US5426556A (en) * 1990-12-31 1995-06-20 Electronics And Telecommunications Research Institute Extra protection module of an exchange
US5467063A (en) * 1993-09-21 1995-11-14 Hughes Aircraft Company Adjustable microwave power divider
US5625328A (en) * 1995-09-15 1997-04-29 E-Systems, Inc. Stripline directional coupler tolerant of substrate variations
US5666255A (en) * 1995-06-05 1997-09-09 Powervar, Inc. Transformerless conditioning of a power distribution system

Patent Citations (21)

* Cited by examiner, † Cited by third party
Publication number Priority date Publication date Assignee Title
US781625A (en) * 1904-06-29 1905-01-31 John Stone Stone Method of protecting telephone-circuits from the action of electromagnetic waves.
US3030550A (en) * 1960-06-28 1962-04-17 Westinghouse Electric Corp Electrical apparatus
US4110570A (en) * 1976-05-25 1978-08-29 International Standard Electric Corporation Surge protection device for repeater
US4199736A (en) * 1978-01-30 1980-04-22 Eaton Corporation RF Fuse
US4282555A (en) * 1978-08-17 1981-08-04 Asea Aktiebolag Overvoltage protection means for protecting low power semiconductor components
US4409637A (en) * 1980-04-08 1983-10-11 Block Roger R Connector for electromagnetic impulse suppression
US4359764A (en) * 1980-04-08 1982-11-16 Block Roger R Connector for electromagnetic impulse suppression
US4554608A (en) * 1982-11-15 1985-11-19 Block Roger R Connector for electromagnetic impulse suppression
US4698721A (en) * 1983-11-07 1987-10-06 Puroflow Corp. Power line filter for transient and continuous noise suppression
US4907119A (en) * 1986-10-28 1990-03-06 Allina Edward F Packaged electrical transient surge protection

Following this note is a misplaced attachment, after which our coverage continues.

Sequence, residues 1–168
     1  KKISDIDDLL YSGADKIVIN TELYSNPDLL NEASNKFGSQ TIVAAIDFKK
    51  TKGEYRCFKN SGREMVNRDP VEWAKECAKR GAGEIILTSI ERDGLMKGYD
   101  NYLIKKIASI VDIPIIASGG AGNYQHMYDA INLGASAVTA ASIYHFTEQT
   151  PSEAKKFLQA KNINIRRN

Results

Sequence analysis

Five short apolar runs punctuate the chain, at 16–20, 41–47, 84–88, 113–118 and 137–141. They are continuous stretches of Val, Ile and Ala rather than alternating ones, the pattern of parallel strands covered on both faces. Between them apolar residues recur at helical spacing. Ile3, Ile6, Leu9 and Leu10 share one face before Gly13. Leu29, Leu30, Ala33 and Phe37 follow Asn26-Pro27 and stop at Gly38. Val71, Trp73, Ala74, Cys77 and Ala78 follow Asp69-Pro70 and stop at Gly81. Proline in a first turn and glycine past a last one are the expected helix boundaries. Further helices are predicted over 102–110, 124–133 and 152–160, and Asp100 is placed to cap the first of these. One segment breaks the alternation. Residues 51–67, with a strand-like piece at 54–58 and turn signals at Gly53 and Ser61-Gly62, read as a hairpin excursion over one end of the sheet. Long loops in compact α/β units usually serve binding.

US5124873A (en) * 1989-10-30 1992-06-23 Efi Corporation Surge suppression circuit for high frequency communication networks
US4985800A (en) * 1989-10-30 1991-01-15 Feldman Nathan W Lighting protection apparatus for RF equipment and the like
US5204799A (en) * 1990-03-22 1993-04-20 Gpt Limited Protective arrangement for telecommunications line interface circuit
US5208723A (en) * 1990-08-20 1993-05-04 Texas Instruments Incorporated Solid state electronic protector with pressure release
US5109204A (en) * 1990-12-03 1992-04-28 Honeywell Inc. High power RF precision attenuator
US5426556A (en) * 1990-12-31 1995-06-20 Electronics And Telecommunications Research Institute Extra protection module of an exchange
US5323289A (en) * 1991-08-14 1994-06-21 Rosemount Inc. Lightning protection for field mounted instruments
US5467063A (en) * 1993-09-21 1995-11-14 Hughes Aircraft Company Adjustable microwave power divider
US5424694A (en) * 1994-06-30 1995-06-13 Alliedsignal Inc. Miniature directional coupler
US5666255A (en) * 1995-06-05 1997-09-09 Powervar, Inc. Transformerless conditioning of a power distribution system
US5625328A (en) * 1995-09-15 1997-04-29 E-Systems, Inc. Stripline directional coupler tolerant of substrate variations

Cited By (2)

* Cited by examiner, † Cited by third party
Publication number Priority date Publication date Assignee Title
US6046654A (en) * 1998-03-03 2000-04-04 Nortel Networks Corporation Quasi-gaussian filter
US6330138B1 (en) * 1998-06-12 2001-12-11 Samsung Electronics Co., Ltd. Impedance matching circuit